Thursday, September 14, 2006

Timrod steward

In the Times today, there's a piece by Motoko Rich on how Bob Dylan's new album, Modern Times, contains lyrics similar to some poems by Henry Timrod ("sometimes known as the poet laureate of the Confederacy"). Timrod isn't credited or acknowledged in any way; most (but not all) of the exegetes quoted in the article seem to have little problem with the borrowing. (Modern Times, someone has noted, contains the letters in Timrod's last name.)

As I read the article, I did think about the Kaavya Viswanathan/Megan McCafferty imbroglio, and wondered: How come no one argued that K.'s plagiarism was just part of the "folk process"? (A cheekier me might have made the case for Opal Mehta as avant-garde text, presumably employing the cut-up technique.) But mostly I was reminded of Dylan's most recent prior borrowing—from Confessions of a Yakuza, on 2001's "Love and Theft".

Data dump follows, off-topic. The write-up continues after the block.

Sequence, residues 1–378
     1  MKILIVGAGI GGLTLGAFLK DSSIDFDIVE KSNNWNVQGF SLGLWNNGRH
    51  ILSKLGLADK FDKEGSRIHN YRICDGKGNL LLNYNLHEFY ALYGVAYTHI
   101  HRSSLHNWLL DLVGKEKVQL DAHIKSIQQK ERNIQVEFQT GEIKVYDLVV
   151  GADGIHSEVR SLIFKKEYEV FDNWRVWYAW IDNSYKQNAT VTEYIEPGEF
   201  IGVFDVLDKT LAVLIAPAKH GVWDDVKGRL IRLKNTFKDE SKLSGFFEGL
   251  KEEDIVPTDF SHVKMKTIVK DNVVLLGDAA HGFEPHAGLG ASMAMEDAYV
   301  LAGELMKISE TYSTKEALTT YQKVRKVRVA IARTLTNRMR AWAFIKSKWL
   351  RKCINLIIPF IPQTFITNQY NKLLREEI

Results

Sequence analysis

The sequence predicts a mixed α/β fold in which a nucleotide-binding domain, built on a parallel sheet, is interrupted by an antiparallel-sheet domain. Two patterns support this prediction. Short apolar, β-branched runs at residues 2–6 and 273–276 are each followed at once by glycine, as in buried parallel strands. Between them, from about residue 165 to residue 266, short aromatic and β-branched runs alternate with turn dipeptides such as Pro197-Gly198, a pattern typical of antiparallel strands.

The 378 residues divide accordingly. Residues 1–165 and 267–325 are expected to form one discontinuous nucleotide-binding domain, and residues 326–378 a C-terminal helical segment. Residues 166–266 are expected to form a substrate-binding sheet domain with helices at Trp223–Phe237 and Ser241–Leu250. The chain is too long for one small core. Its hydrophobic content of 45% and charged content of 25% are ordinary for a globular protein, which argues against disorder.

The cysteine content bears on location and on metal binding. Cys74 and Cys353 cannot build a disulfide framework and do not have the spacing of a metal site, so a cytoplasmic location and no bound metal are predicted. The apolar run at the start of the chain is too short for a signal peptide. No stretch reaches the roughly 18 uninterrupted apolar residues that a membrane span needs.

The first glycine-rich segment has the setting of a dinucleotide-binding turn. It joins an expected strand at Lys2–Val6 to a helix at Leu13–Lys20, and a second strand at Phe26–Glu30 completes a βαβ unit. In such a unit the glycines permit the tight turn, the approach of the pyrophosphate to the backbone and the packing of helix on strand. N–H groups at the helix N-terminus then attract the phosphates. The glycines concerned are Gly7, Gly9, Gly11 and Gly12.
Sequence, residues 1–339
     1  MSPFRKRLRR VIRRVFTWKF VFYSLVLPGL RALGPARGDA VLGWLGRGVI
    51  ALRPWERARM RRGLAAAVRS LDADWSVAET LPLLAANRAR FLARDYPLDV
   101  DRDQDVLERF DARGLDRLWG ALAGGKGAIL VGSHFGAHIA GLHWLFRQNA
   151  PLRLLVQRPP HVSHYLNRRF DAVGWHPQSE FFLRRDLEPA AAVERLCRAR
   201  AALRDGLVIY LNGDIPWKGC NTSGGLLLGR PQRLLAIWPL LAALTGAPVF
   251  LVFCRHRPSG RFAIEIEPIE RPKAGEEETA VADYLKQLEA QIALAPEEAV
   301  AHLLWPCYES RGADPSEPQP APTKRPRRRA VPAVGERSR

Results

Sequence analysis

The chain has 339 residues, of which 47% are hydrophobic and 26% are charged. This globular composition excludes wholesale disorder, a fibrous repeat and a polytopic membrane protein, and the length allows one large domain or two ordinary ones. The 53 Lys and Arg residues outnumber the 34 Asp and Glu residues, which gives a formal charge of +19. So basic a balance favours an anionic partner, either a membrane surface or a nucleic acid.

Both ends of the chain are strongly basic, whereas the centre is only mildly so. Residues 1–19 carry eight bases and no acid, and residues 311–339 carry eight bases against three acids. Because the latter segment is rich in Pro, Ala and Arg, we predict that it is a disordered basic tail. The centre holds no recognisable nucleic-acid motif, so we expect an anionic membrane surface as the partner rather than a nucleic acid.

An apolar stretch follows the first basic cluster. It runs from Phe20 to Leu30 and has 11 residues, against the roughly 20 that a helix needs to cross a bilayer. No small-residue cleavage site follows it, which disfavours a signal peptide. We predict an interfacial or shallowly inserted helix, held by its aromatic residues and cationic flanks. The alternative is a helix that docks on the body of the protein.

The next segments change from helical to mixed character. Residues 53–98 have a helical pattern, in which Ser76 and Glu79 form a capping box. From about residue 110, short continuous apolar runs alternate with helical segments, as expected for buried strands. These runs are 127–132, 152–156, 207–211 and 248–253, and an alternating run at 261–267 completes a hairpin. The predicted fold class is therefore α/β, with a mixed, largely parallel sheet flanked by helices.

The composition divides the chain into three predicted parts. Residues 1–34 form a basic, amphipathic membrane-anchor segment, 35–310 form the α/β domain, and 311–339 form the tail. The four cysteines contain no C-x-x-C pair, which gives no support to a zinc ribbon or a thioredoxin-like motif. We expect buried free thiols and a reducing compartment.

Which recalled this long-forgotten piece of whimsy from the Parkhives.

* * *

Side note: Ron Rosenbaum's dismissal of Modern Times in the Observer contains hilarious repeated mentions of "Winterlude" (off of New Morning) as the nadir of Dylan's songwriting. (I hadn't thought of it, but it is a pretty terrible song!)


Blogger Devin McKinney said...

This aggression will not stand:

"Winterlude" is, in fact, among Dylan's BEST songs, not his WORST. Ha, must've been a typo on Rosenbaum's part! And yours.

That's an awful big typo, though . . .

6:21 PM  
Blogger Ed said...

I like the title!

8:36 PM  

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